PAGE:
by Markus Kather
Visiting Paris last month, strolling off the beaten track, I found myself in a labyrinth of covered passages. Most of them are situated in the areas bordering the Grands Boulevards. The passages are super diverse in architecture and patterns of use. Entering a passage from one side will drop you out in an entirely different environment on the other side. I started with some really flamboyant ones, and then discovered that there are numerous vacant passages – and some rather sketchy ones. So I tried to discover, what happened to them and what their function in today’s urban space is.
The passages couverts were once the paragon of bourgeois lifestyle and shopping habits in Paris and a flagship of the burgeoning metropolis. Some glass-and-iron-roofed architectural gems, e.g. Passage Jouffroy or Passage du Grand Cerf, are testifying that. Many other have either disappeared out of the cityscape or are in a poor structural condition, are vacated etc. – but still represent a perfect environment for the urban explorer.
The golden age of the passages couverts was already in the late 18th to mid-19th century. Their emergence was strongly linked to the rise of the Bourgeoisie, who used the narrow covered streets as a retreat from the noise and grime of the city’s streets. The passages became the Parisian’s favorite place for spending their growing fortune. Walter Benjamin called the passage “a street of lascivious commerce”. He linked them to a distinct street life style, providing the habitat of the Flâneur. The passages represent one of the early manifestations of consumerism and commodification of cities in the modern age – and were among the first commercial structures to become outdated.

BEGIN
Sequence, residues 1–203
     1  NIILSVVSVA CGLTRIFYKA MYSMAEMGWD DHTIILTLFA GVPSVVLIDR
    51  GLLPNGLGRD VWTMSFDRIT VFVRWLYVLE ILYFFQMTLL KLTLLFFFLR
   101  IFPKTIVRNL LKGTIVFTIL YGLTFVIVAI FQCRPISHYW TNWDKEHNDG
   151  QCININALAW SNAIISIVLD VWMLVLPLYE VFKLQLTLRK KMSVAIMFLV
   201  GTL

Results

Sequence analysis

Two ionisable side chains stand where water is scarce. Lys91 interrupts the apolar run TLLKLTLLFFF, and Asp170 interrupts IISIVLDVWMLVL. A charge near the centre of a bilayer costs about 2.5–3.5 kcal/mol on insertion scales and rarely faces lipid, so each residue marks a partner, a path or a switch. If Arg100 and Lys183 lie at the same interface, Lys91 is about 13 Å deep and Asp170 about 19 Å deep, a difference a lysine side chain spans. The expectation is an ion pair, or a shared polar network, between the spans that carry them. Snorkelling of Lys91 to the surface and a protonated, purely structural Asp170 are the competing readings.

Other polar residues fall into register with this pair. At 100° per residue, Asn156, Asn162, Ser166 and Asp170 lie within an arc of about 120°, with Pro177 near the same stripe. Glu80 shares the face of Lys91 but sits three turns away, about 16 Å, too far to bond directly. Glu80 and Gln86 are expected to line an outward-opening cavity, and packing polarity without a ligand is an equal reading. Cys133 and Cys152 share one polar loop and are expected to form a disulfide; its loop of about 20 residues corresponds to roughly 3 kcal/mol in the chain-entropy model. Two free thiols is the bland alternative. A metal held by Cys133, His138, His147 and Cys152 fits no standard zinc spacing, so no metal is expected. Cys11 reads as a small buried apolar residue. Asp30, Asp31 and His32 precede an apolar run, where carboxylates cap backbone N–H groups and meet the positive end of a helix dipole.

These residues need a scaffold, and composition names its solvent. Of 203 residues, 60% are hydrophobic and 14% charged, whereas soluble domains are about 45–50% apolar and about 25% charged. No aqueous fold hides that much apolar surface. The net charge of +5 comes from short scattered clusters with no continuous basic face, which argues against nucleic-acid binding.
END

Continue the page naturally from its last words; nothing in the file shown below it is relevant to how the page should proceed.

Once there were more than 150 passages, forming a network in the commercial areas of the Rive Droite. Today there are little more than a dozen left. So what happened to them?
Many of the passages were destroyed as a result of Haussmann’s renovation of Paris during the Second Empire ca. 1850-70. The construction of new boulevards cut the network of passages into pieces and the new system of major streets obviated their connecting function. The boulevards (as the passages itself) paved the way for the emergence of a new kind of shopping facility: the department store. Ironically by copying the design of the passages (glass roofs, marble floors etc.) the great department stores (like Lafayette or Printemps) became the new symbols of luxurious rive droite Paris. In fact most of today’s retail facilities are based on the design passages – just think of almost every shopping mall on the planet!
But since they are fragmented by today’s shopping streets, outshined by the department stores and, quite simply, are narrow and lack parking space, many of the passages are vacated. Especially along Rue Saint Denis (Paris’ lifeline for about 2000 years – but also notorious for prostitution and crime almost as long as that) there a lot of passages are in a poor condition.
Passage du Caire, established in 1798, is one of the oldest. It’s a labyrinth of narrow shopping streets. Some of the stores are empty; some sell the most random things. Passage du Caire apparently specialized in selling mannequins – I counted at least five shops selling them. The flats above the shops are in a particularly bad condition, most of the windows are blind and the glass roof seemed to leak. Passage du Caire today doesn’t seem to connects different streets, I guess it’s a place most people would avoid.
Another interesting example for the passages along Saint Denis is Passage Brady. Paris’ bourgeoisie also turned its back on this one – but that cleared the way for a different use. Today the Passage is a center of Indian/Pakistani trade and retail. It’s the place to stop if you are looking for authentic and cheap food and super bright clothing.
I left Paris with the impression that the function of the Passages within the urban space is in transition and deserves some discussion. Some became tourist attractions, some are no-go areas, some are just vacant. But a lot of them offer spaces that are less regulated than the rest of Paris and therefore offer different possibilities – as Passage Brady proves.
 Walter Benjamin’s Passagenwerk (The Arcades Project)